What a refreshing change to read the piece by Naga Munchetty (@BBCNaga) – a passionate and respected golfer in the public eye – talking directly to golf clubs about the need to remove barriers frequently put in front of women who might be interested in taking up the game.
Naga’s piece in the March/April edition of Women & Golf Magazine spells out the challenges for women considering golf: time-poor women heralded by ‘five minute wonder’ campaigns to lure females into golf, only to face archaic club restrictions on when and where they can play (or even sit!); exaggerated demands for joining fees and restrictive handicap requirements, as well as attitudes (even from many lady members) that highlight more about what they can’t do at the golf club than about the possibilities.
These barriers are at the heart of why I set up Golf Like A Girl. Despite an off-putting introduction to the game many years ago, I returned to golf to realise some of the most wonderful times with friends and family, on and around courses that have generated fond memories forever – from spectacular scenery on holidays to proper belly-laughs with girlfriends in the clubhouse. Yet, just the other day I arrived in the car park of a renowned UK golf club and felt distinctly uncomfortable by everything from the ‘Members Only’ restrictions to various entrances to the foreboding “welcome” I received from the stern club secretary asking what I was looking for, as I toured the clubhouse to find a new female friend I was seeking to join for a coffee. We know that there are many golf clubs, golf club pros and club managers working hard to encourage women into the game. Without keen attention to the issues raised in Naga Munchetty’s article, however, these ambassadors for women’s sport will remain the exception rather than the norm.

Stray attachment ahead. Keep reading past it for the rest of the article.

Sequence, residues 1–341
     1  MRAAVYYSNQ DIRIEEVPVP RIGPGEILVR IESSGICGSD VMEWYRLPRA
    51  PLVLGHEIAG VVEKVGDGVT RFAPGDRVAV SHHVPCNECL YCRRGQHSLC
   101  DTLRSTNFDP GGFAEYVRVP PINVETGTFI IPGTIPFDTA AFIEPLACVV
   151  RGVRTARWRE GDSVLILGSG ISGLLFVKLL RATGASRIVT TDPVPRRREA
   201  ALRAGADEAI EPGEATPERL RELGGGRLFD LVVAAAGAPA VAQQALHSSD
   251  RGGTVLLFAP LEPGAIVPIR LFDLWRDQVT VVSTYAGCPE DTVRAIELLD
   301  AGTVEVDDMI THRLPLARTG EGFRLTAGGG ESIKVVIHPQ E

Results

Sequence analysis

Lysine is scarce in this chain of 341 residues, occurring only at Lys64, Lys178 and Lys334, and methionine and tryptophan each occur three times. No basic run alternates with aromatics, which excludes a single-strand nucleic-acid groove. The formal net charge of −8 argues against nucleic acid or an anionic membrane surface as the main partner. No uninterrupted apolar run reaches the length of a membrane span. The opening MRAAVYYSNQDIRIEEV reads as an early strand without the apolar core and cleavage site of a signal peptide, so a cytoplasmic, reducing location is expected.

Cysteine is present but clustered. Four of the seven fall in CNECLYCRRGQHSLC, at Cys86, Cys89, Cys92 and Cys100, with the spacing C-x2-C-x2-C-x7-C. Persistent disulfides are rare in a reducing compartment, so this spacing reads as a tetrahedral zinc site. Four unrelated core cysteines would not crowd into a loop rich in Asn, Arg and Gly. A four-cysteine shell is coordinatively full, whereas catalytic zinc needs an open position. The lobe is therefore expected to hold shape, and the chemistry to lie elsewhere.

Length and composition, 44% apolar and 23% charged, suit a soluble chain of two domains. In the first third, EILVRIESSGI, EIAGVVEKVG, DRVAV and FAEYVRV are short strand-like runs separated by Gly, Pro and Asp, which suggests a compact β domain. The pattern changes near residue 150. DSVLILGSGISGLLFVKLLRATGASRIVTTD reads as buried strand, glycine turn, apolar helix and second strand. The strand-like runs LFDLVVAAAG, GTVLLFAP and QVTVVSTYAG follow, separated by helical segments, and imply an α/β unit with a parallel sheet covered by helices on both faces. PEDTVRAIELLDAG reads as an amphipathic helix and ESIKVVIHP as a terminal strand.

Golf Like A Girl exists to work every day to encourage women into fun events on and around the golf course, to make taking up the game easy and attractive. We can’t wait to hear more from Naga, and other respected influencers who are both passionate about women’s golf and prepared to shout out home truths that some golf clubs need to hear. Golf clubs are struggling for members and revenue. Naga’s concluding points are spot on: women in golf is a ‘win-win’ for clubs; golf pros; the golf industry generally and for male golfers who get to play more golf on family holidays. Golf Like A Girl will continue to work hard, each day, motivated by those such as Naga who demonstrate their passion and excitement for the game, and motivated by our mission to inspire women to enjoy golf.